A Happy, Healthy Family

9.21.2016

An Intro. to Sprouted Grains



By now, you've probably heard about sprouted grains, and maybe you're even buying and eating them, but do you really know why? I know I was eating them for a while before I researched why they're good for us.

Here are the basics.

What are Sprouted Grains?
Let's start with the difference between whole and refined grains. Whole grains are foods like brown rice and whole wheat, which retain the entire grain (technically, the bran, germ, and endosperm) and, thus, the fiber and nutrients that are stripped in the milling process that creates refined grains like white flour and white rice.

Sprouted grains are whole grains that have started to sprout (think back to those science experiments from elementary school in which you put a seed in a Dixie cup and watched it sprout).

Why Should I Eat Them?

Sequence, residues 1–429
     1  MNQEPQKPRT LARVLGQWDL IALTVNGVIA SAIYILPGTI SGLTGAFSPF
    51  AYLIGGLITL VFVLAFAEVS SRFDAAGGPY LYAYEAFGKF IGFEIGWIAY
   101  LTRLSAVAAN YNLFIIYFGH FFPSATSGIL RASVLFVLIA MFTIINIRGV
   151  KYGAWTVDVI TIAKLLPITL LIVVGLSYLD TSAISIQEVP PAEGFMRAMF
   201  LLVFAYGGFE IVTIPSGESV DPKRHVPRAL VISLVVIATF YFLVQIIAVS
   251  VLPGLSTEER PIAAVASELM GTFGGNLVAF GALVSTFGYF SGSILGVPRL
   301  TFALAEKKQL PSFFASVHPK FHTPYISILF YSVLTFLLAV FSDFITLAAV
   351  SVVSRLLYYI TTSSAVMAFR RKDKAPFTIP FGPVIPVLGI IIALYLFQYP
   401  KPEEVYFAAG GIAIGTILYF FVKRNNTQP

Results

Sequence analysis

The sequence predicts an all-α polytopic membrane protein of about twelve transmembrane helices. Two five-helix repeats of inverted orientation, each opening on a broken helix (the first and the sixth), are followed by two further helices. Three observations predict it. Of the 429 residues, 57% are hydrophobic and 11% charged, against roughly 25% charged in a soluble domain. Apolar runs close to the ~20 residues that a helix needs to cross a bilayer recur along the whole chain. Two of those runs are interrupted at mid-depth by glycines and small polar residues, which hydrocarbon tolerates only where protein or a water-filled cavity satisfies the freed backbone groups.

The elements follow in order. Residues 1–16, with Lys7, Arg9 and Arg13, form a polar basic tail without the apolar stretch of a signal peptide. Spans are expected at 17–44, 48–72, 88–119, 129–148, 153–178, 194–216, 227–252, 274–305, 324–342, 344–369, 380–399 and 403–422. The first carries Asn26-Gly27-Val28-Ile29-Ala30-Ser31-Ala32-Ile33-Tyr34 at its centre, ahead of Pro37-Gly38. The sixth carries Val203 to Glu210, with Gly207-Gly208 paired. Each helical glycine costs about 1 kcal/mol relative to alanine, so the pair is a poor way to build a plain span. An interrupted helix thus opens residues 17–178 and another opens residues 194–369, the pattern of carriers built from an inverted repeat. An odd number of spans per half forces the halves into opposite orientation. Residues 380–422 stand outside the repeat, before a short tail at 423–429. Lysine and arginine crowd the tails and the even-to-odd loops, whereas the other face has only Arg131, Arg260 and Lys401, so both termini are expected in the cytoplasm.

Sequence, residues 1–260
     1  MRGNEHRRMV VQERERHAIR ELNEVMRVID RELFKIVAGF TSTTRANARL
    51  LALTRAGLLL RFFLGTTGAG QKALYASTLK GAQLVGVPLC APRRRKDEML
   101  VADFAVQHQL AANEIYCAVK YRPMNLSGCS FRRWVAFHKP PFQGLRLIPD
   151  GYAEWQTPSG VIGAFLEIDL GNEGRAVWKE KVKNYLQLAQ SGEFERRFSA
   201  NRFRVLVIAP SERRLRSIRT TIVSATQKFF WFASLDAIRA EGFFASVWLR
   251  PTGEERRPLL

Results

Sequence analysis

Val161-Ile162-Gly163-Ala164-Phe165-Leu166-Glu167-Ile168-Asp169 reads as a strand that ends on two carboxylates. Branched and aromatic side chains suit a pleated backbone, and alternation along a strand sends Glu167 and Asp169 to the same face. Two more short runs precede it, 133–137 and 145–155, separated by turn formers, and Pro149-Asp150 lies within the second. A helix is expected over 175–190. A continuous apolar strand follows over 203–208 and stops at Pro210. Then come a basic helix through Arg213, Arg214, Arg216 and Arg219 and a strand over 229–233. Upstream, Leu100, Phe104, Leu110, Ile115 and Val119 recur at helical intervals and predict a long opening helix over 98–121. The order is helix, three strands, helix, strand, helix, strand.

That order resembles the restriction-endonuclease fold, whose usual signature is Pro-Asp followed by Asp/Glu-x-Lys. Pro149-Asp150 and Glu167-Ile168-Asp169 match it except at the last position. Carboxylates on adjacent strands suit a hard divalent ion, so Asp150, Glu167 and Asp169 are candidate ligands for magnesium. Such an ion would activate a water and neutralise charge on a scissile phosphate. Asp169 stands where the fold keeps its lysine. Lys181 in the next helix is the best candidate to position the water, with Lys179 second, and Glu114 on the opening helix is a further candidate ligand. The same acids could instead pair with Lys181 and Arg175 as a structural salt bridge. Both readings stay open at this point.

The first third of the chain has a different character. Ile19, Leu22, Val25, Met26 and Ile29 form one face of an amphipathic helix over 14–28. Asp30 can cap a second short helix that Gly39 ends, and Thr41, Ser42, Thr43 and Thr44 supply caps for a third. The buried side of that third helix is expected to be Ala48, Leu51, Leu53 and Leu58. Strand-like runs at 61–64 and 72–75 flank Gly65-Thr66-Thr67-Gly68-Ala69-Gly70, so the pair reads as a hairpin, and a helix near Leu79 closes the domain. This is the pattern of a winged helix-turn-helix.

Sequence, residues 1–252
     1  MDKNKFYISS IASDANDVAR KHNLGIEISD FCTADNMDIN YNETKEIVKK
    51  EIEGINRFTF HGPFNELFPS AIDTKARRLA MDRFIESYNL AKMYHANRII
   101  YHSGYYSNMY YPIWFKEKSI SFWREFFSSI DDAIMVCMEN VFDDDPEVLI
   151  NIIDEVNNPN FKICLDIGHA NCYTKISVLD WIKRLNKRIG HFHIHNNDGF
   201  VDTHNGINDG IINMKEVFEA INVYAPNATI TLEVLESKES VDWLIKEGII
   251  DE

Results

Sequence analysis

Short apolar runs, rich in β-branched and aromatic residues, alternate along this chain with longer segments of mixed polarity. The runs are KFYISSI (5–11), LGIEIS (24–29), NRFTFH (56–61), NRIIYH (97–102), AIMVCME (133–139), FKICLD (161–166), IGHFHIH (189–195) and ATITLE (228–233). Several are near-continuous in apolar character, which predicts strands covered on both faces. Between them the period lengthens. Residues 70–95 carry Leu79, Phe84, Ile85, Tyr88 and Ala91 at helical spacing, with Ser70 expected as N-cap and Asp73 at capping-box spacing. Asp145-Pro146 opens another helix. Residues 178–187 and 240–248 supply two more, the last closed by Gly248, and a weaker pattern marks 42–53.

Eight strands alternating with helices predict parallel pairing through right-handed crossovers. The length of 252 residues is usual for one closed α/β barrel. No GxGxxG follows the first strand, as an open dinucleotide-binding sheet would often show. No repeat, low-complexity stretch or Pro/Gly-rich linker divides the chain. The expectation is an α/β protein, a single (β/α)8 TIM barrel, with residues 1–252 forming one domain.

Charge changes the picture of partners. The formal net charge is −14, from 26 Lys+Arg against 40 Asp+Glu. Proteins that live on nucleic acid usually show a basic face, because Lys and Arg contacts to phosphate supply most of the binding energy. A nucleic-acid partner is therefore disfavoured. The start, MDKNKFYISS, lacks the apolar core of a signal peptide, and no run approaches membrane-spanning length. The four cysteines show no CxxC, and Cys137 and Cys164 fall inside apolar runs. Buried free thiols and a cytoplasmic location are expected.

Our bodies have a difficult time digesting grains, but sprouted grains are easier to digest because they have a lower glycemic index. There is an enzyme released during the sprouting process that breaks down the proteins and carbohydrates in the grains so that your body doesn't have to do all of the work. When our bodies are able to digest foods more easily, we are able to absorb and, consequently, take advantage of more of the nutrients in the foods.

Sprouted grains are also a bit higher in iron and zinc than regular whole grains, which makes them even more beneficial to vegetarians, who really have to watch their diets to make sure they get enough plant-based sources of these nutrients.

Where Can I Find Them?
These days, you can find sprouted grain bread at most grocery stores (it will probably be in the freezer or refrigerated section because it usually doesn't contain nasty preservatives that make other breads shelf-stable). I've gotten sprouted grain rice at Trader Joe's, and some stores carry sprouted grain flour, pretzels, tortillas, and other items.

How Can I Learn More?
Click here for a summary of research on the benefits of sprouted grains.
Click here for more basic information on sprouted grains.



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